Also, the idea that the company faces little competition in its core routes might be too stretched: considering its fixed costs, if Flybe had flown only those routes, it would have lost money. There’s just not enough of them to make profit. For that it will always have to compete in the busier hubs, like London, so we’re back to the problem of a commoditised industry, albeit where Flybe is the least capable player. 


Do you mind sharing your calculations?  How did you identify "core routes" and determine their profitability (or lack thereof)?
Title: Re: FLYBE.L - Flybe
Post by: ebdem on June 19, 2017, 03:18:04 AM
Management with high salary, little skin in the game, high turnover – check
Failed promises and Loss making culture – check
Growing leverage, diminishing cash - check

Thank you for your insights on FlyBe :).
I see your points and would like add something to these three.
- Management turnover is high, but we there is also some quality change through the new management and this has also have to been taken in account. Saad Hammad did change a lot in the company - in my eyes to the good. He was more growth oriented then the new plans - so he finally had to go.
- The development since the IPO was bad and management made mistakes and was forced to use a lot of energy to handle this mistakes. But beginning this year they are having the ability to more activly manage their structures. Therefore I think we have a somehow different game.
- Cash was used to buy planes, which generates a good return on investment. In my eyes the balance sheet is still quite stable and these investments make sense.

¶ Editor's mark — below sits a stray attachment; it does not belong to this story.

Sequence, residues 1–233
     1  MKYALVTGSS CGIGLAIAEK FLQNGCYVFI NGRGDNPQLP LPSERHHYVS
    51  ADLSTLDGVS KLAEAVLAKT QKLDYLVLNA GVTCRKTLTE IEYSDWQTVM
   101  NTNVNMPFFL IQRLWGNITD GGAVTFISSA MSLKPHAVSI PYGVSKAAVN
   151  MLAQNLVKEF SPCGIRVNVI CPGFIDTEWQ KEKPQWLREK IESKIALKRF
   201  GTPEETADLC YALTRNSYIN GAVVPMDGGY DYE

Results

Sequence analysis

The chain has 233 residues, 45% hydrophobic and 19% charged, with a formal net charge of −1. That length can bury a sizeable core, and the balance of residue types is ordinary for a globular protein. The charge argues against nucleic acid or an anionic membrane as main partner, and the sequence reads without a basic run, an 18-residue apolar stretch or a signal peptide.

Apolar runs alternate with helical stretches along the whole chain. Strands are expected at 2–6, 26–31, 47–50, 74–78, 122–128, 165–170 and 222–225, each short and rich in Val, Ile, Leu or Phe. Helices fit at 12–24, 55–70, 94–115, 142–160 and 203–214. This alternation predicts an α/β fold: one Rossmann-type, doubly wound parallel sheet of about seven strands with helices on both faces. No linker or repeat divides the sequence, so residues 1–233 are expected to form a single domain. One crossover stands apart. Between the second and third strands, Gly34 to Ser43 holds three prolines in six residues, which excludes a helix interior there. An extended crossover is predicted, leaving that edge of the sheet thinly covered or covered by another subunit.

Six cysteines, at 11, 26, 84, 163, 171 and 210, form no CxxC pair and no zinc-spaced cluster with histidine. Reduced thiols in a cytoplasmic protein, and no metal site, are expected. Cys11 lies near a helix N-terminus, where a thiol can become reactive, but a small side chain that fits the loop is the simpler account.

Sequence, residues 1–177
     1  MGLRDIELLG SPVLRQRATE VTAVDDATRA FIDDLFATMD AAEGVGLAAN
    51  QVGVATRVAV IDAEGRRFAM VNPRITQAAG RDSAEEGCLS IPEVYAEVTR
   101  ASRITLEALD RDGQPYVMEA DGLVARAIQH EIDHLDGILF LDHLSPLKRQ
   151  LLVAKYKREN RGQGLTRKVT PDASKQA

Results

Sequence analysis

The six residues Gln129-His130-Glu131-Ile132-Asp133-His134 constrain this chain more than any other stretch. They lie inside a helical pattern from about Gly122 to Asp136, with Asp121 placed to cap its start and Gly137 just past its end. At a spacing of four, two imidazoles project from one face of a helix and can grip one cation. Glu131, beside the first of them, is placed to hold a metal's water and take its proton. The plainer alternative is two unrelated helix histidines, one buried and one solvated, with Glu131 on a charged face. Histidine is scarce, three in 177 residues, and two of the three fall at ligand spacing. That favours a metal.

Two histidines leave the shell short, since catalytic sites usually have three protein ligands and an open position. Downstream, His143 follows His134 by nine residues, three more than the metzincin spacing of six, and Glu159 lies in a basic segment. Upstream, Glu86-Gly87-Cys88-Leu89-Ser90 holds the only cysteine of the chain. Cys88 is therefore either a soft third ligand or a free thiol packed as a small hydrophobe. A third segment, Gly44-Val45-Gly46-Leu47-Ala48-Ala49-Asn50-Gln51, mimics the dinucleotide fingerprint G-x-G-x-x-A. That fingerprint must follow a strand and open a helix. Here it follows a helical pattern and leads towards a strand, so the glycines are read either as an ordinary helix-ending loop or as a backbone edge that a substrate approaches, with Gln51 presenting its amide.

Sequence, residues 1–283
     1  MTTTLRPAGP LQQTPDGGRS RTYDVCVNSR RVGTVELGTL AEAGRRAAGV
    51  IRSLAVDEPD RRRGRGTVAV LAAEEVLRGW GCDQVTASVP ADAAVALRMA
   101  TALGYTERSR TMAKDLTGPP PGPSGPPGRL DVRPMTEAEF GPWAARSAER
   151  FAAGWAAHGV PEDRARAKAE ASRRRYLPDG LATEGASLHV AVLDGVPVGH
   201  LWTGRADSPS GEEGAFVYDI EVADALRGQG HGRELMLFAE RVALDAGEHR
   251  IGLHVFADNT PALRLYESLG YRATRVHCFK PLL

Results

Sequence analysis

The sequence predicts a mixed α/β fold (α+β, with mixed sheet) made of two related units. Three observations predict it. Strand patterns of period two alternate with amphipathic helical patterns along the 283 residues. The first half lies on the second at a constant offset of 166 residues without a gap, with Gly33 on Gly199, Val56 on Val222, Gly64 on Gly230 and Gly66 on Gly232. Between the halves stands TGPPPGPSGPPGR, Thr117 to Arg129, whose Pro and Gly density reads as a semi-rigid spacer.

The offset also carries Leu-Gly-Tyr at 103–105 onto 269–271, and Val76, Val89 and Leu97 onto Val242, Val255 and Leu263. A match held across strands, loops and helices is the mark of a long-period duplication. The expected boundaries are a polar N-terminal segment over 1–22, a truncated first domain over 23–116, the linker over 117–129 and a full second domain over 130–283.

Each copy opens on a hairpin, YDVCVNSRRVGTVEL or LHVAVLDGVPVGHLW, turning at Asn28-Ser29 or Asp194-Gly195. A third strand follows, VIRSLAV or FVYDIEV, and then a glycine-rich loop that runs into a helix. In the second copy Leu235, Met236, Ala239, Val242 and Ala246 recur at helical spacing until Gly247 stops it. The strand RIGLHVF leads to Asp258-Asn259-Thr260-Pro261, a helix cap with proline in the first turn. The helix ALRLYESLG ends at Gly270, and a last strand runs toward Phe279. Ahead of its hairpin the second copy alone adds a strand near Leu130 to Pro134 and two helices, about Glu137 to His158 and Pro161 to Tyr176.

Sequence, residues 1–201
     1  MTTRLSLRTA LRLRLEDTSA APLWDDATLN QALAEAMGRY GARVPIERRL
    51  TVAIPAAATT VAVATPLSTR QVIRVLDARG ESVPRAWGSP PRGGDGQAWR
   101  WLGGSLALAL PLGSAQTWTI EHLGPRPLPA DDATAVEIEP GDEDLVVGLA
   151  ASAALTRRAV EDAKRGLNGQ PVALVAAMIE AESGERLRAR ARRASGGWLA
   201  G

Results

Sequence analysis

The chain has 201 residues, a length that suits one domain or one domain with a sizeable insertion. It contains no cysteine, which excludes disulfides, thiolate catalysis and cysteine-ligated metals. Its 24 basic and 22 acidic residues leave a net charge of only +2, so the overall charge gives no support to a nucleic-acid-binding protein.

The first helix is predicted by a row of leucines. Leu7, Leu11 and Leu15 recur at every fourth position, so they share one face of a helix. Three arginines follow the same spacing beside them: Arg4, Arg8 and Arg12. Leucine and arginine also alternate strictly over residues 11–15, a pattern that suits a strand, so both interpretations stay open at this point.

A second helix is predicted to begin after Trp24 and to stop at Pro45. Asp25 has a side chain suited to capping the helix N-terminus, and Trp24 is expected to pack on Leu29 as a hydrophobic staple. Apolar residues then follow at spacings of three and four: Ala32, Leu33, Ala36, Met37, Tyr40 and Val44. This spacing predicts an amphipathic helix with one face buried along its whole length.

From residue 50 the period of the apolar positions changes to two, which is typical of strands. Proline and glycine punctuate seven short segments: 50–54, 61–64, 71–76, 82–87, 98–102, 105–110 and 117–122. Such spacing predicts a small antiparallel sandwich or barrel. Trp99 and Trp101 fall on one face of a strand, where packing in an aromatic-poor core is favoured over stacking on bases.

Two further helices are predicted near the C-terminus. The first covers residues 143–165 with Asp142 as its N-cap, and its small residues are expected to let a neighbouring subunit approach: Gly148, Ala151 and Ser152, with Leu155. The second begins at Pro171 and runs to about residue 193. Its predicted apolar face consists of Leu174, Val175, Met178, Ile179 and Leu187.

Also, the idea that the company faces little competition in its core routes might be too stretched: considering its fixed costs, if Flybe had flown only those routes, it would have lost money. There’s just not enough of them to make profit. For that it will always have to compete in the busier hubs, like London, so we’re back to the problem of a commoditised industry, albeit where Flybe is the least capable player.

Here I am interested in your data. Can you maybe share it?
Title: Re: FLYBE.L - Flybe
Post by: LightWhale on June 20, 2017, 05:40:14 AM

Saad Hammad did change a lot in the company - in my eyes to the good.
I think we have a somehow different game.
the balance sheet is still quite stable and these investments make sense.

Agree on all. B/S stability is also testified by the low rates lenders charge, and that no covenants are attached. To clarify for my bearish approach, I initiated a position last week and am trying to determine its final size. The only way I know to do that is by undermining my own inclination to buy more. may I ask what position size you guys hold?